It's unclear if Present is working right now. On LinkedIn, he lists himself as an entrepreneur. But Sorokin writes his order like a man determined to leave a trail of breadcrumbs for potential future employers, business partners or consumers of Present's services consisting of a massive pattern of malicious behavior.
"Present bears independent, personal responsibility for his own independent conduct. Among other things, he recklessly made repeated false statements that lured cautious investors to trust their savings to an untested product that he represented as battle-hardened through two bear markets." See: In reply to SEC, Howard Present blames bad advice for any alleged wrongdoing.
The SEC traced the beginning of the F-Squared saga back to 2008 when Present met a college intern at Morton Financial who had created an algorithm called AlphaSector that signaled when to buy or sell ETFs.
Present claimed to investors that AlphaSector had been used to make investments since 2001 but the SEC maintained no money had been invested from 2001 to 2008. See: Where Virtus stands after F-Squared seemingly led it astray, to mutual benefit.
The $12.4 million Present must now pay includes $10.8 million in earnings and a $1.5 million civil penalty, which represents the profits Present apparently made off the strategy, documents show.
Present has stated in court that he is effectively insolvent but Sorokin isn't buying it, saying Present still retains "substantial earning capacity.” See: How promise to wife looms large for ex-F-Squared chief as SEC seeks to deny him court date.
"This is certainly very close to exactly what the SEC requested initially," McGarry says. "Whether or not it's worst case scenario -- perhaps it is. I don't know if the SEC could have asked for any more."
Sorokin also issued an injunction to ensure Present did not engage in future violations given his “egregious” conduct.
The Securities and Exchange Commission has landed a $47.4 million settlement from the F-Squared affair -- and that's before counting more than a dozen firms including Virtus mutual funds, and principals like Louis Navellier, that got ensnared by willfully looking the other way in also reselling a false track record. See: Virtus bites bullets with F-Squared firing, Dorsey Wright hiring and an admission that it'll likely pay a $5-million-plus SEC settlement.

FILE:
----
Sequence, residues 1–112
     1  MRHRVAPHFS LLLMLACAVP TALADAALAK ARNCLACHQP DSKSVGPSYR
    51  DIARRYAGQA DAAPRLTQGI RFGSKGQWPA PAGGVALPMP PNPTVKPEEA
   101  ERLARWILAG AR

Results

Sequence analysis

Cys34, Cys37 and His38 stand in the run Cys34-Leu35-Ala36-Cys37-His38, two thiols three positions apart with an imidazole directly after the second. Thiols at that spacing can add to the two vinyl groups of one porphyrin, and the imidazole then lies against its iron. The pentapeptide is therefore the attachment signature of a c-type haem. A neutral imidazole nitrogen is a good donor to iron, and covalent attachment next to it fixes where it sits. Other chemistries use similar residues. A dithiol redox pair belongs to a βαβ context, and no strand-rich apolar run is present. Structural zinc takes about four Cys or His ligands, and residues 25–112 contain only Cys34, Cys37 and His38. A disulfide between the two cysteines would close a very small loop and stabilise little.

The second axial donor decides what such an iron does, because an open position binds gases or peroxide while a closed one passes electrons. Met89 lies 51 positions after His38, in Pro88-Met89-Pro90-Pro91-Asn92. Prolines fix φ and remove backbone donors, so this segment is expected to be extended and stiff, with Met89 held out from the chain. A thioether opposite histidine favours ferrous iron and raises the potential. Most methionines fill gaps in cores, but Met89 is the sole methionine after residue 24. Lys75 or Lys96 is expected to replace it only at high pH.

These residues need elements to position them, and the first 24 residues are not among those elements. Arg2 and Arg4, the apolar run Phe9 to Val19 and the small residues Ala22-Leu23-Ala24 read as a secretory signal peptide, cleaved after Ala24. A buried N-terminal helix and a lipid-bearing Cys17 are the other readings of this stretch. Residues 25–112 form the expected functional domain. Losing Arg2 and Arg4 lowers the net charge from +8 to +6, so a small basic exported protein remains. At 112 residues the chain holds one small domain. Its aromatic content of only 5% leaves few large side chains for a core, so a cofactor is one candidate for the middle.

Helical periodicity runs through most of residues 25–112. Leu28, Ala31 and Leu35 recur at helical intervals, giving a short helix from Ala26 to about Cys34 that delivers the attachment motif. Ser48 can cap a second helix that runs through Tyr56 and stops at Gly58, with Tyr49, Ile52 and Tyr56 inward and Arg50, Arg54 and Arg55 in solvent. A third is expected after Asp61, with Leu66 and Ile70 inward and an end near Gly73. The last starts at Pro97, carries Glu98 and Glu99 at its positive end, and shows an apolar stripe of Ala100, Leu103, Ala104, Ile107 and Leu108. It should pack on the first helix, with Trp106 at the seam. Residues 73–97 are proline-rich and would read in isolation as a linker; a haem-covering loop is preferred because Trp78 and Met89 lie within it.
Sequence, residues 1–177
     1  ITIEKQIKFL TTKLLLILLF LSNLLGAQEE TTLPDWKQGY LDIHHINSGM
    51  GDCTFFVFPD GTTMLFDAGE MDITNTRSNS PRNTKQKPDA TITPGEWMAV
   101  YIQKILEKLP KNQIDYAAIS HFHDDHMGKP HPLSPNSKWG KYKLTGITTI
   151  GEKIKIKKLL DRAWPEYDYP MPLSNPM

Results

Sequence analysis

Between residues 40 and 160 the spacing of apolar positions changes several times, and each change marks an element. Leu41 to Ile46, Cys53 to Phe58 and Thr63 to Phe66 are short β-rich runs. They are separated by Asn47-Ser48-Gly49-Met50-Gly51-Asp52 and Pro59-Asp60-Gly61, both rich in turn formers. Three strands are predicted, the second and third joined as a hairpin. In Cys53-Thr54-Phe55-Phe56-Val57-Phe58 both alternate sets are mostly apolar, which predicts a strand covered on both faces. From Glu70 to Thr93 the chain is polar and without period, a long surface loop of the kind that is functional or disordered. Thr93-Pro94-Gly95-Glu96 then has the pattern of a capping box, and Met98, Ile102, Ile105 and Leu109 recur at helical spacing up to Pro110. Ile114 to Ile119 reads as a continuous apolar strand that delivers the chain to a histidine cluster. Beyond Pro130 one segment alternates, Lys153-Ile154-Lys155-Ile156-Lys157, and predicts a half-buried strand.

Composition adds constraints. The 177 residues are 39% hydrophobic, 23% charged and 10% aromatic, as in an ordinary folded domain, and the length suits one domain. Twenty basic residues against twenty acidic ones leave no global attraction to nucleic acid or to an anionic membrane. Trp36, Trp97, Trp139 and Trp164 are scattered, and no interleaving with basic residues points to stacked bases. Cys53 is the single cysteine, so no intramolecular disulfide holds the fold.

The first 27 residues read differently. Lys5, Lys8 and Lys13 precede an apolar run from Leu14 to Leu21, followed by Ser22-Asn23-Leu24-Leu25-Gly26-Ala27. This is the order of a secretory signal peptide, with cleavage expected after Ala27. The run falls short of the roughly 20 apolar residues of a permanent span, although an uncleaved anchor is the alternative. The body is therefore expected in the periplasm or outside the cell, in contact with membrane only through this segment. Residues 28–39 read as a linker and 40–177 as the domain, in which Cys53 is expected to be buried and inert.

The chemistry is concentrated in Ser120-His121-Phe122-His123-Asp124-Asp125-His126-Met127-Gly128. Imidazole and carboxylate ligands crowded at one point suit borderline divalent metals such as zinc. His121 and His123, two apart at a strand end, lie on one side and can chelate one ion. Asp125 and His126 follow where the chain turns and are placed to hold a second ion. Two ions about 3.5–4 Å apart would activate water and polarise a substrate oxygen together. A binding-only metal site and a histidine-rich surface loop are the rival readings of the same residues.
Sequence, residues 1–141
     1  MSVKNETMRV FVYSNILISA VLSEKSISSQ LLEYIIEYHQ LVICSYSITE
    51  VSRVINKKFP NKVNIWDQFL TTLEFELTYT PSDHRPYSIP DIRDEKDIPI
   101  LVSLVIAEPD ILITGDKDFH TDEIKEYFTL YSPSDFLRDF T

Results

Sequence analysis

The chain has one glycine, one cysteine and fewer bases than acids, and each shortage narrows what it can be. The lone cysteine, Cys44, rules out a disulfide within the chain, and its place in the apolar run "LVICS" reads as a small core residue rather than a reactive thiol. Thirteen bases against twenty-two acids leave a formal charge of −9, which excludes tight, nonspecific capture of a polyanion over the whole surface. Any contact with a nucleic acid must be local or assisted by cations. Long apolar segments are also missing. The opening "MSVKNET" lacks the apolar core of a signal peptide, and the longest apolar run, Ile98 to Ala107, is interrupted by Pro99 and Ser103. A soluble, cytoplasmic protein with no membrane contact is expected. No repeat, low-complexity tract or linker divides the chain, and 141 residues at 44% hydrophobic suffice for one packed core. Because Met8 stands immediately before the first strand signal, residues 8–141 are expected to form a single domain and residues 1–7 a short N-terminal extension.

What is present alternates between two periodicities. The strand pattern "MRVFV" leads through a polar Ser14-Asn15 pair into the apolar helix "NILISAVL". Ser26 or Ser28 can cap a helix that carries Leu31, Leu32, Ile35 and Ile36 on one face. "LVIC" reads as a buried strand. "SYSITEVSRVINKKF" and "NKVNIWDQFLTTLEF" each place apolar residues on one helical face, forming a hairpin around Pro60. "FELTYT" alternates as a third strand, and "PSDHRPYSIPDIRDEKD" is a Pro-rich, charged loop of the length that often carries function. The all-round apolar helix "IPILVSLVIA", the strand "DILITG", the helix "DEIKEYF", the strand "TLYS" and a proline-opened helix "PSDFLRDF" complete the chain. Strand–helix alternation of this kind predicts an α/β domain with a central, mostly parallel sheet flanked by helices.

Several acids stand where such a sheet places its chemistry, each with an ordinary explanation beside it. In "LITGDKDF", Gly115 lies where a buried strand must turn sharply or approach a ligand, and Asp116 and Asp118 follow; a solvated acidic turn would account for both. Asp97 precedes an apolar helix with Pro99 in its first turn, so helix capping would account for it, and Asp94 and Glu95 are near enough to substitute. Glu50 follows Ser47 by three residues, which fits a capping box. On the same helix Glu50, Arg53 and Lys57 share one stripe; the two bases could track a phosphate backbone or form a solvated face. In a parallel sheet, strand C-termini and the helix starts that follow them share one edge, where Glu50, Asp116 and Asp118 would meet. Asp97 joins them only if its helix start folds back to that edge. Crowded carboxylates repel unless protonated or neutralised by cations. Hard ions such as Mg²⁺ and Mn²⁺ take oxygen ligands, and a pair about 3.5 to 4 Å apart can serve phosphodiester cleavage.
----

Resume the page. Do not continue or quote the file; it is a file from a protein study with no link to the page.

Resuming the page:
Running red lights
The irony is that Sorokin concluded that AlphaSector was not a sham product in the sense that most investors did not lose money by investing in it. Nevertheless, Present secured AlphaSector's staggering asset growth and profitability by making a series of false claims across several years.
"Far from isolated instances, Present's misstatements were consistent in message, broadly disseminated and increasingly bold," Sorokin writes, adding that Present's serial lying only increased with the success those fabrications engendered.
"The false statements multiplied due to Present's persistent disinterest in whether what he was advertising was truthful. See: What seven attributes define RIA integrity and why -- unlike standalone 'fiduciary care' -- Wall Street finds it radioactive.
Sorokin described how that Present ran every kind of red light.
"Present’s recklessness lasted for most of the sales life of the AlphaSector strategy. It persisted in the face of pointed inquiry from investment professionals, among others. It arose despite his extensive familiarity with due diligence," he writes.
Sorokin adds, with a note of incredulity: "...Even now, Present declines to take responsibility for years of misleading clients and potential clients. He fails to understand the wrongfulness of having misrepresented the strategy."
And Present's go-for-broke sense of denial may persist, McGarry says.
"I don't know if this is the end of it. My guess is that they're considering all of their options to review the decision." See: Allegations in Virtus class action relate to the fund company using a track record improperly calculated by its subadvisor